This talk focuses on the idea of spolia, which has a long and illustrious genealogy in political discourse, beginning with the display of objects seized and monuments destroyed or assimilated into new structures as emblematic of military conquest, but in a more expansive sense, as a practice fundamental to the establishment of new regimes―not only a visceral exercise of power, but also as symbolic appropriation of the strength of one’s enemies and predecessors. It looks at how the theme of spoliation has dominated the contours of both colonial and nationalist Indian history writing, and how it has been associated with the insignia of sovereignty in India; not just the desecration of religious monuments, but also the historic acknowledgement and temporal reckoning of the transience of past kingdoms, empires and epochs.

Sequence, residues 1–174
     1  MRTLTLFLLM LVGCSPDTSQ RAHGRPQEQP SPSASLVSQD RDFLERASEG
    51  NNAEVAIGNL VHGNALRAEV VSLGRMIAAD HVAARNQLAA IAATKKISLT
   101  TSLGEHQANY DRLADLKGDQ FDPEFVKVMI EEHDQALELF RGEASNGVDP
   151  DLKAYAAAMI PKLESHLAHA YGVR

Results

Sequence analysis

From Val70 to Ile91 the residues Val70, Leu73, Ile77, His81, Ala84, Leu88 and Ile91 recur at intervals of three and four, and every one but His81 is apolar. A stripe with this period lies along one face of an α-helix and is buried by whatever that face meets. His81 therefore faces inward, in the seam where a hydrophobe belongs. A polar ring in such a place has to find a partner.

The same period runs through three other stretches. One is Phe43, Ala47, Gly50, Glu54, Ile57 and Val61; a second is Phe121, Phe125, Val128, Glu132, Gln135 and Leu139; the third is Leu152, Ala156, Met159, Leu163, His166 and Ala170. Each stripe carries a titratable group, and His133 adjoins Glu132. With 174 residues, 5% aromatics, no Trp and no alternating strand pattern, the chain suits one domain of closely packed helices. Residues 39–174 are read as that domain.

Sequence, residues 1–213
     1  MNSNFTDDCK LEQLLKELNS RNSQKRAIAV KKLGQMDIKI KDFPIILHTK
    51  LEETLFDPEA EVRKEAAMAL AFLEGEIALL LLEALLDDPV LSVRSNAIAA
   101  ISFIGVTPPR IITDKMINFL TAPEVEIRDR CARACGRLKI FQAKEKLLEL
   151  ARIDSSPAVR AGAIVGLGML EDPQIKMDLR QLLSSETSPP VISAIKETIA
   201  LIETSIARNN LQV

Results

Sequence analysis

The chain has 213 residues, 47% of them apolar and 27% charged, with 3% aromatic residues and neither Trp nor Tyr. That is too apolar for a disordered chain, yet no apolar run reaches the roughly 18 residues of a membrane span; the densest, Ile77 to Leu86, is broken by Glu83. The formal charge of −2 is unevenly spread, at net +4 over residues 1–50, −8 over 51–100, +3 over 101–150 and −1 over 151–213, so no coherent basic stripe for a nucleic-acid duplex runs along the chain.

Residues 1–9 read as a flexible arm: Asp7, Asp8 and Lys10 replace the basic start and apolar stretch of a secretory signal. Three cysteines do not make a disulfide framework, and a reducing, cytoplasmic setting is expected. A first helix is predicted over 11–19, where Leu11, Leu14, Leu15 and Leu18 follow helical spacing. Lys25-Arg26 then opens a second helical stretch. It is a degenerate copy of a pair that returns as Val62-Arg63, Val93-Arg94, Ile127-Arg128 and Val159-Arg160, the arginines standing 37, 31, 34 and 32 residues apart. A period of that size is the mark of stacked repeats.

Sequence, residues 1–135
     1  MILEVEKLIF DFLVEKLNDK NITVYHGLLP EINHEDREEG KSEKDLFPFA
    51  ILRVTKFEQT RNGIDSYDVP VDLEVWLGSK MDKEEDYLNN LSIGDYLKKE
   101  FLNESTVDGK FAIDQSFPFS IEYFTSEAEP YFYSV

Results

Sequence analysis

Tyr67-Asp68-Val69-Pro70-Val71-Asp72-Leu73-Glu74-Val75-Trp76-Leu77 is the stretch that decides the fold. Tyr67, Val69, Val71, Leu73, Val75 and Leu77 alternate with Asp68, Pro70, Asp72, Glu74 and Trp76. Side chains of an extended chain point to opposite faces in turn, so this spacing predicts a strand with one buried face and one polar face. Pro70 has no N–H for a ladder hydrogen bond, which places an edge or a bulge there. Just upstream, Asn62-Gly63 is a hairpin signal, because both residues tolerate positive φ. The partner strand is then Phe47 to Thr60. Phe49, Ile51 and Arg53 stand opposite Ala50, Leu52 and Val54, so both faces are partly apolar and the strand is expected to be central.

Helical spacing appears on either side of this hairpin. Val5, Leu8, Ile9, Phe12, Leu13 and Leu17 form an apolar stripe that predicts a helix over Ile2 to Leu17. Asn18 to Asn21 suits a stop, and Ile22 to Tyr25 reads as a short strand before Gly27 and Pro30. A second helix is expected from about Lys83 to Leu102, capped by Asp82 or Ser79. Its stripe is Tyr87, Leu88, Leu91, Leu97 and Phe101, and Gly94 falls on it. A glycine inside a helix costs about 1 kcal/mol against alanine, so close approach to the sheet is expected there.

Sudipta Sen is Professor of History and Director, Middle East/South Asia Studies Program at the University of California, Davis, with research interests in late Mughal and British India, and the history of the environment. His recent publications include Ganges: The Many Pasts of an Indian River (New Haven: Yale University Press, 2019), which offers an interdisciplinary study of the Ganges beginning in pre-history and ending in contemporary environmental debates, exploring the ecological, mytho-religious, and socio-political crosscurrents of India’s sacred river. His previous publications include Empire of Free Trade: The English East India Company and the Making of the Colonial Marketplace (Philadelphia: The University of Pennsylvania Press, 1998) and Distant Sovereignty: National Imperialism and the Origins of British India (London: Routledge, 2002). Sen has previously taught at Beloit College, University of California, Berkeley, and Syracuse University. A former Fulbright-Hays Faculty Research Fellow and Senior Fellow at the National Endowment for the Humanities, Sen won the Daniel Patrick Moynihan Award for his contribution to research and teaching at the Maxwell School of Citizenship and Public Affairs, Syracuse University. He is currently working on a book-length manuscript entitled Lawless Subjects: Crime, Punishment and Justice in Early British India, 1770-1830.
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